Pressure transducers are lined along the test section to capture pressure peaks, resolve shock strength, and velocity and acquire the pressure profiles for the turbulent flame regimes. Four PCB Model #113B26 transducers are positioned with intervals of 25 mm in the axial direction at the top plate of the test section, as shown in Fig. 1. The transducers have a sensitivity of 10 mV/psi and are operated at a frequency of 250 kHz to temporally resolve shock pressure rise and compressions. When considering the non-linearity and sensitivity variation, static pressure values result in an uncertainty of ±0.17 atm (±0.01 P/PCJ). The transducers are connected to a PCB signal conditioner 482C Series to amplify the voltage signals and then are routed to a National Instruments DAQ device coupled with LabVIEW control hardware and software. The pressure measurements are conducted simultaneously with high-speed particle image velocimetry (PIV) and OH* measurements.
D. Turbulent flow field calculations
The turbulent flow field information can be combined with the flame compressibility characteristics in order to understand the relationship between the turbulent burning velocity and turbulent velocity. Using Eq. (5), we can extract the local turbulent flame speed along the flame edge. Since there are 128 streamwise components in the PIV output grid, the resulting calculation will yield 128 ST values.42 An example of this procedure is shown in Fig. 2, where ST,0,1 and Ug,1 are the flame propagation speed and compressed region gas velocity in the first streamwise row, respectively.
III. RESULTS AND DISCUSSION
A. Flame propagation dynamics
In the exploration of fast turbulent compressible flames, we examine the relationship between the turbulent flame speed (ST) and Chapman–Jouguet deflagration speed (SCJ). This relationship can be characterized by observing four key flame regimes: shockless fast deflagrations, shock-inducing fast deflagrations (fast flames), shock-flame complexes, and detonations. These regimes have been illustrated and described in detail in previous papers;53 here, we briefly describe them for convenience. We typically differentiate these regimes based on the flame front propagation velocity in the laboratory reference frame (ST,0). The critical boundaries between these regimes, shown in Fig. 3, are the sonic velocity of the reactant mixture (cs,r), sonic velocity of the products (cs,p), and CJ detonation velocity (DCJ). These boundaries are driven by empirical correlations and are easily obtainable through experiments. The empirical boundaries are approximate and are not necessarily the only way to define these turbulent fast flame regimes. These parameters have been computed based on the initial quiescent state of the mixture at 1 atm and 297 K.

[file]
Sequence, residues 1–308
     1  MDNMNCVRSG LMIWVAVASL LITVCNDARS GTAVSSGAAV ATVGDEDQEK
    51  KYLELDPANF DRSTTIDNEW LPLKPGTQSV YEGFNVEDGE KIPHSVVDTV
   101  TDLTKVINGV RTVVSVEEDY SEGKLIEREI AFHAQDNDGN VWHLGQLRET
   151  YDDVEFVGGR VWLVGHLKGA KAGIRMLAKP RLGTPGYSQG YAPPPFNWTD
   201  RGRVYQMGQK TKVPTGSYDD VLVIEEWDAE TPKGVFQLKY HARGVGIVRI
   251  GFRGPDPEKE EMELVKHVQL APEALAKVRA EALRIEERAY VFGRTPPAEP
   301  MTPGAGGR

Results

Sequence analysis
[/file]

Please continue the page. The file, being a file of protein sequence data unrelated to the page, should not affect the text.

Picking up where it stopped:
Figures 3(a) and 3(b) show a shockless deflagration and shock-inducing deflagration, respectively. The terms “shockless” and “shock-inducing” are not related to the leading shock transmitted through the perforated plate, but the ability of turbulent flames to generate new shocks. This secondary shock adjacent to the flame is denoted as the compressed region. The shock strength depends on the ratio of ST/SCJ. The flame produces weak shocks as its propagation speed passes cs,r, while ST/SCJ remains < 1. As the flame propagation speed nears cs,p (ST/SCJ ∼ 1), the secondary shocks strengthen and form the compressed region. When the flame reaches the product sonic velocity, the flow of products becomes choked resulting in a tight acoustic coupling of the flame and the compressed region. The compressed region becomes stronger as the flame accelerates, where ST,0 approaches cs,p, and ST nears SCJ.48,53 The compressed region that is tightly coupled with the flame catches up with the leading shock and merges as shown in Fig. 3(c). In this shock-flame complex regime, the shock and flame are coupled, propagating on the order of 1/2DCJ (upper detonation CJ speed), which is similar in magnitude to the combustion products sonic speed; this regime is caused by a sonic plane in the products, thus choking the flow. The shock-flame complex continues to accelerate, eventually transitioning to a detonation. The resulting detonation shown in Fig. 3(d) propagates with a velocity close to DCJ and is characterized by the presence of strong transverse waves, cellular structure, and a complete coupling between the shock and reaction front.